Help us tackle the cat abandonment problem

Calling all kitten owners: Help us to tackle the kitten abandonment issue

With their fluffy toe beans, soothing purring noises and buckets of character, it's no wonder that cats are considered a great family pet. When looking for the perfect cat companion for you and your family, animal welfare organisations like ourselves will always encourage you to adopt and not shop. How could we not when we see so many incredible animals being left behind.

Adopting helps you dodge dodgy breeders

Our preference for adoption doesn't only help the animals without homes but it also helps protect potential buyers from being intentionally misled by unscrupulous breeders who are only interested in profit at the cost of low health and welfare for the animal being sold.

Read more: 5 actions to take to make sure that you're not funding bad breeders.

Rescue cats and kittens are hoping to find their forever home

There are also many cats and kittens abandoned or relinquished into our care each year who need to be wanted and are waiting patiently to find a loving family.

It is also worth remembering, cats from reputable rescue establishments will always be vet checked, neutered and chipped before rehoming, giving you peace of mind and the best possible start to your life journey together.

However, we know that adoption isn't for everyone. If you do decide to buy from a breeder then The Kitten Checklist is an excellent resource to use when navigating your options.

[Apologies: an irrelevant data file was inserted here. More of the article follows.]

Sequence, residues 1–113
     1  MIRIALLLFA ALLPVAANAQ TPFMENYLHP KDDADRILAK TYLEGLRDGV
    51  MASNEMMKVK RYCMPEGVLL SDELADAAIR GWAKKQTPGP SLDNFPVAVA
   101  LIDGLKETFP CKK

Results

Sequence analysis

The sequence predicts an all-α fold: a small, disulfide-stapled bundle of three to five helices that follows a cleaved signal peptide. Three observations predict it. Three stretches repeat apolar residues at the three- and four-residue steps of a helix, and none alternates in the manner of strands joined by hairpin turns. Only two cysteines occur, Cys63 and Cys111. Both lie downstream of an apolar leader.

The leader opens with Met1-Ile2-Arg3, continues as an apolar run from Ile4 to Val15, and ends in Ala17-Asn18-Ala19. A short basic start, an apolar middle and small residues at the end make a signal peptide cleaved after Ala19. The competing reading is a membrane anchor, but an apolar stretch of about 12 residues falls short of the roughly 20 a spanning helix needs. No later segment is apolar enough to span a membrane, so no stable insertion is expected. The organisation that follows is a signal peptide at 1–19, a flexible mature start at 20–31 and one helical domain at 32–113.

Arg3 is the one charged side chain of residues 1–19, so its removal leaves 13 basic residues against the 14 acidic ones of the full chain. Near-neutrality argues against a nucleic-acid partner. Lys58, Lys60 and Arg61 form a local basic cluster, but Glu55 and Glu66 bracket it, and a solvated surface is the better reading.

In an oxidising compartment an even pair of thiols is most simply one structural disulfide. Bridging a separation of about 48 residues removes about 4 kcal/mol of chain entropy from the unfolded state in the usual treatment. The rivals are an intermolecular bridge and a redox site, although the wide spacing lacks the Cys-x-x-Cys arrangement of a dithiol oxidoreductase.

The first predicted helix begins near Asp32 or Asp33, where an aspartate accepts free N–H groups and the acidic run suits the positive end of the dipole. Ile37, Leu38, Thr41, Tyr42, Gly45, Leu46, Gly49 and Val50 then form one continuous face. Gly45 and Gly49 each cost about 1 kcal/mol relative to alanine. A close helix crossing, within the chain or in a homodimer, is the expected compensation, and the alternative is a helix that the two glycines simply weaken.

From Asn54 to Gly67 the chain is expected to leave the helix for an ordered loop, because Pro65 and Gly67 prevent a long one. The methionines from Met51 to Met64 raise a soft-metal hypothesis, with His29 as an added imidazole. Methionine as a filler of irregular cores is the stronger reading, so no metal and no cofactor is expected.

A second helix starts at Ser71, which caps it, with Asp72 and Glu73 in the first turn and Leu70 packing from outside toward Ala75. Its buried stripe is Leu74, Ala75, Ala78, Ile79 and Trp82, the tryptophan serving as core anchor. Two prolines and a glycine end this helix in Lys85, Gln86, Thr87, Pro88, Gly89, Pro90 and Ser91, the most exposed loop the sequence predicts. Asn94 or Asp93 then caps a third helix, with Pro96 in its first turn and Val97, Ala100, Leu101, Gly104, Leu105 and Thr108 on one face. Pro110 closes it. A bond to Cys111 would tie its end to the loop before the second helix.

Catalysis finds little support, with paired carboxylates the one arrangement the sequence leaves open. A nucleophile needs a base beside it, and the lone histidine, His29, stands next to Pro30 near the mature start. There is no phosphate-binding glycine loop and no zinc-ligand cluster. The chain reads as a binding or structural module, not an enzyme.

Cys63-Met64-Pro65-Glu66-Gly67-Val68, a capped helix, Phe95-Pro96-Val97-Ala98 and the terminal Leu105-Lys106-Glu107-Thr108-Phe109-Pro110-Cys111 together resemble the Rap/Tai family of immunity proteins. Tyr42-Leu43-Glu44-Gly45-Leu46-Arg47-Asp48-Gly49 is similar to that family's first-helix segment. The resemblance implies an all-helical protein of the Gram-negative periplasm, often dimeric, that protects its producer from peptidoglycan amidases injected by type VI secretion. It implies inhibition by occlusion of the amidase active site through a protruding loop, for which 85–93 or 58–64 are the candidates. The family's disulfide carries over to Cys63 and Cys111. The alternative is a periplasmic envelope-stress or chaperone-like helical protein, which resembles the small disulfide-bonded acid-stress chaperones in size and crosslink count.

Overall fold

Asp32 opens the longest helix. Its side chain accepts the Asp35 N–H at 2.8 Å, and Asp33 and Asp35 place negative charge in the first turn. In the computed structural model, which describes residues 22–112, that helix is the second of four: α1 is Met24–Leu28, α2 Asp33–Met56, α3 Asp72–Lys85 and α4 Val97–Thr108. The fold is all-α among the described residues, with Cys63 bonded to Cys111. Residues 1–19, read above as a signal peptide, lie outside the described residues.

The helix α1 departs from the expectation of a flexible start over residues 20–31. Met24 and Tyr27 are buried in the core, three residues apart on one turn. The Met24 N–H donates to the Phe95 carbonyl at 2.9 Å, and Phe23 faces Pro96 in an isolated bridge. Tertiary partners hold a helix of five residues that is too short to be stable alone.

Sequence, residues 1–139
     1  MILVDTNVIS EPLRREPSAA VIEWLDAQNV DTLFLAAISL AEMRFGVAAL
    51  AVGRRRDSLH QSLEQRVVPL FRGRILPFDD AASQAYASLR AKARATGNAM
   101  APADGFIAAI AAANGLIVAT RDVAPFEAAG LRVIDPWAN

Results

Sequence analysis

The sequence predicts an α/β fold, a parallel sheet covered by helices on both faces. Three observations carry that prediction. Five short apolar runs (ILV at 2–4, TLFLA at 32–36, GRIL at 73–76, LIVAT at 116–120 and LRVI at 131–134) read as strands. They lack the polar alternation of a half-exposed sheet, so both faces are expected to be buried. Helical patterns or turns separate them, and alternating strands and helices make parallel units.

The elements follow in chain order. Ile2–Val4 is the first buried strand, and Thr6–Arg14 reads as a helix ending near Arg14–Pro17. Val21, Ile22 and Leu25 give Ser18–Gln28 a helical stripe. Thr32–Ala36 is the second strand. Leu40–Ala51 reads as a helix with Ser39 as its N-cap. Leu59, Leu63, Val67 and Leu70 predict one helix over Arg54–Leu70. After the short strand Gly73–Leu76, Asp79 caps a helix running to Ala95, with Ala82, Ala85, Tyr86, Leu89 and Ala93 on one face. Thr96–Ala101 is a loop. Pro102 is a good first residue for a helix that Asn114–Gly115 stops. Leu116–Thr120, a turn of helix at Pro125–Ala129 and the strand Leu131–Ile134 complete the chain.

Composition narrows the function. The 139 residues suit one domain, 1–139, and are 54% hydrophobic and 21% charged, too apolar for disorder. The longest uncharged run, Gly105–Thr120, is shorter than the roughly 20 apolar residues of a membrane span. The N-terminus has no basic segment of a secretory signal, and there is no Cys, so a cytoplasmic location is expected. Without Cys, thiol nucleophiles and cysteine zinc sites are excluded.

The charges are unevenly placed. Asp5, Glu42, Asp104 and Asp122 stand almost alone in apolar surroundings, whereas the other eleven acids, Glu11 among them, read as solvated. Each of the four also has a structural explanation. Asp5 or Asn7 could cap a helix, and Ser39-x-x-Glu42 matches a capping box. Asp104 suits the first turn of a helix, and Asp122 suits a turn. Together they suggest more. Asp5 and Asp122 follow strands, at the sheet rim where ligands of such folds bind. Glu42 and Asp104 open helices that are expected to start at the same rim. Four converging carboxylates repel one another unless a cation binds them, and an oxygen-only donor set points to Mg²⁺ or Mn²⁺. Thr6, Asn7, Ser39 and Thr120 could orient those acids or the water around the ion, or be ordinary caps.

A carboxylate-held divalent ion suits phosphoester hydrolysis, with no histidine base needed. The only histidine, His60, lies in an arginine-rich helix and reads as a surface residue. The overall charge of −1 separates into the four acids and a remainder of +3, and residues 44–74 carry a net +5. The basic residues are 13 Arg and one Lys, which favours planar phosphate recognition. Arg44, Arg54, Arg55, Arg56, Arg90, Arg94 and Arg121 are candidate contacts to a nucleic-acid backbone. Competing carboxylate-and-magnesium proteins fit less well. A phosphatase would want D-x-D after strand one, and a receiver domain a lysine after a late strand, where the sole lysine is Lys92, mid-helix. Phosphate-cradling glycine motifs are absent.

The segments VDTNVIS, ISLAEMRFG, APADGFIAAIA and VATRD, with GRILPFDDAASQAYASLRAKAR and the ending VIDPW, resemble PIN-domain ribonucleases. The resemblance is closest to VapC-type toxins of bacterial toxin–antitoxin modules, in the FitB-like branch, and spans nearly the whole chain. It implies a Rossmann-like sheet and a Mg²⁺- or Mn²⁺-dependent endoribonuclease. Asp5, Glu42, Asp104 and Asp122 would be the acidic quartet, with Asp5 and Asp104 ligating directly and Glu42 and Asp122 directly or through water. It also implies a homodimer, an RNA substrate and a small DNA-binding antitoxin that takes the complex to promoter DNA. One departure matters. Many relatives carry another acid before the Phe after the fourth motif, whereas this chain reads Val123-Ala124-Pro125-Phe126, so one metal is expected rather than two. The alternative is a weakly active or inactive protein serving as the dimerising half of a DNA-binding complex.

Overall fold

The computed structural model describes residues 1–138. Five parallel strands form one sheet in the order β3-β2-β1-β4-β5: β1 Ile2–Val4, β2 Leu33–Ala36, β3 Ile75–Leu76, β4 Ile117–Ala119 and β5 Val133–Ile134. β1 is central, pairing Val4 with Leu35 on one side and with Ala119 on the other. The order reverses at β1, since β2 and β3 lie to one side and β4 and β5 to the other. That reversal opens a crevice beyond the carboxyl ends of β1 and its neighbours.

We need your help to fight the abandoned animal issue

Cats are much loved pets but they are also prolific breeders, which can be problematic for unsuspecting owners. According to the PDSA Paw Report 2020, there are 10.9 million owned cats living in the UK and whilst 86% are neutered, this still leaves 1.5 million owned cats that are not, which often leads to unexpected litters.

Currently, our research demonstrates that unexpected arrivals of cats and kittens lead to the cats generally being passed between friends, families and neighbours. Equally resulting in individuals and families making the impulsive decision to rehome a kitten without any real consideration of what it costs to have a cat or the commitment it takes to own a pet.

Sadly, we also found that owners taking on cats in an impulsive way more often than not repeat the same behaviours and do not neuter. And so the cycle continues.

Neuter at four months to avoid being caught out

While most pet owners are well-meaning and try to make responsible choices, neutering is sadly often an afterthought.

Some owners are unaware of the risks associated with an unneutered cat and haven't received the best advice on the subject, as well as not realising the health and welfare benefits of which there are many, including protecting your pet from a disease called FIV (the feline equivalent of HIV). Of course, for some, it is a conscious decision made from personal choice.

Unfortunately, many people don't realise that cats can become pregnant from as early as four months of age, and let their cats out as soon as they have had their vaccinations.

Sometimes an owner thinks that their cat is safe to roam, then one day arrives home to find their young cat in a cupboard, nestled in a box with an unexpected litter of kittens cuddled up amongst the feathers of a gorgeous hat bought for their Auntie Pat's wedding in 1998. Trust us, it happens and in so many weird and interesting ways.

When kittens are born within the home, the sudden arrival of cats can very often put unnecessary stress and burden on a household. Whilst those kittens are the most adorable thing you will have ever seen and those little meows bring the "awwws" out of everyone, it's caring for kittens is not as easy as it would seem...